WASHINGTON – US President Donald Trump authorized a Canadian company on Friday to proceed with the construction of the controversial Keystone XL pipeline, which had been rejected by his predecessor and awoken strong reactions from environmentalists, the Department of State’s deputy spokesman announced.
Mark Toner said in a statement that Trump had decided to allow Calgary, Alberta-based TransCanada Corp. to construct, connect, operate and maintain pipeline facilities at the US-Canada border in Phillips County, Montana, for imports of crude oil.
White House spokesman Sean Spicer said that Trump would provide more details about the project at 10:15 am.
TransCanada CEO Russ Girling said the presidential permit signed by Under Secretary of State for Political Affairs Thomas A. Shannon, Jr. was a significant milestone for the project.
“We greatly appreciate President Trump’s administration for reviewing and approving this important initiative and we look forward to working with them as we continue to invest in and strengthen North America’s energy infrastructure,” he said.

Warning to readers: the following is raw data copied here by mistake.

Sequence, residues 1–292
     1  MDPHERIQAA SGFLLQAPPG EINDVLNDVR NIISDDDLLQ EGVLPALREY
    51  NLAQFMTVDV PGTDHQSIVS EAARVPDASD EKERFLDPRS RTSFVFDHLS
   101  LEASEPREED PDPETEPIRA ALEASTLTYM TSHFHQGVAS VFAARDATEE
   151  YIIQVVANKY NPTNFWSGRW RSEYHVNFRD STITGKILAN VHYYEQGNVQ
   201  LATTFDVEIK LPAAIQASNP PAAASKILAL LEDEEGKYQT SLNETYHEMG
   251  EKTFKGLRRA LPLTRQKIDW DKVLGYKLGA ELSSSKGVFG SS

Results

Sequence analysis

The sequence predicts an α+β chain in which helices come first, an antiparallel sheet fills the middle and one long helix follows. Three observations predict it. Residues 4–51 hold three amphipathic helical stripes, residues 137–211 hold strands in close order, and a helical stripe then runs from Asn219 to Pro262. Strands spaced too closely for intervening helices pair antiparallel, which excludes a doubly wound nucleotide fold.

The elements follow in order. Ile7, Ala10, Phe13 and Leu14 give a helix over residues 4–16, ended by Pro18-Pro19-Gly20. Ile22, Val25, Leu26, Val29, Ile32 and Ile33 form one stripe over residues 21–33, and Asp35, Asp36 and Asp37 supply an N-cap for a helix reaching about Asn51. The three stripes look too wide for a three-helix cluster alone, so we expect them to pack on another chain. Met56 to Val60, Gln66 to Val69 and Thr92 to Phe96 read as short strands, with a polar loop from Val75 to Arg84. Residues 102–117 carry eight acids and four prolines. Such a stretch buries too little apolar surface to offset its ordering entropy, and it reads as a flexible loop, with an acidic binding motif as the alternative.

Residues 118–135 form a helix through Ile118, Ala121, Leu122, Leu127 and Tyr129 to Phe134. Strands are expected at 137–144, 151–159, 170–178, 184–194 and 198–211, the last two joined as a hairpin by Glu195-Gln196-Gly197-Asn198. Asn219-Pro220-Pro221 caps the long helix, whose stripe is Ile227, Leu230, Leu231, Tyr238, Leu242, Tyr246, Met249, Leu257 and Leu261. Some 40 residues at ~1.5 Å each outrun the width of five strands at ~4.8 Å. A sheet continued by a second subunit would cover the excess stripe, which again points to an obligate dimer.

The Keystone XL pipeline is to move roughly 830,000 barrels a day of synthetic oil and diluted bitumen from the Canadian province of Alberta to a number of points in the US, including refineries on the Texas coast of the Gulf of Mexico.
In 2015, then-President Barack Obama rejected TransCanada’s request to build the pipeline after a lengthy review of its potential environmental impact.
In doing so, he accepted a recommendation from then-Secretary of State John Kerry, who concluded that the project would undermine the US’s role as a leader in global efforts to combat climate change.
But four days after taking office on Jan. 20, Trump signed executive orders giving the green light for TransCanada to build the Keystone XL and for Dallas-based Energy Transfer Partners to build a final uncompleted section (under North Dakota’s Lake Oahe) of the Dakota Access pipeline.
He said both orders were subject to terms and conditions to be negotiated by the US.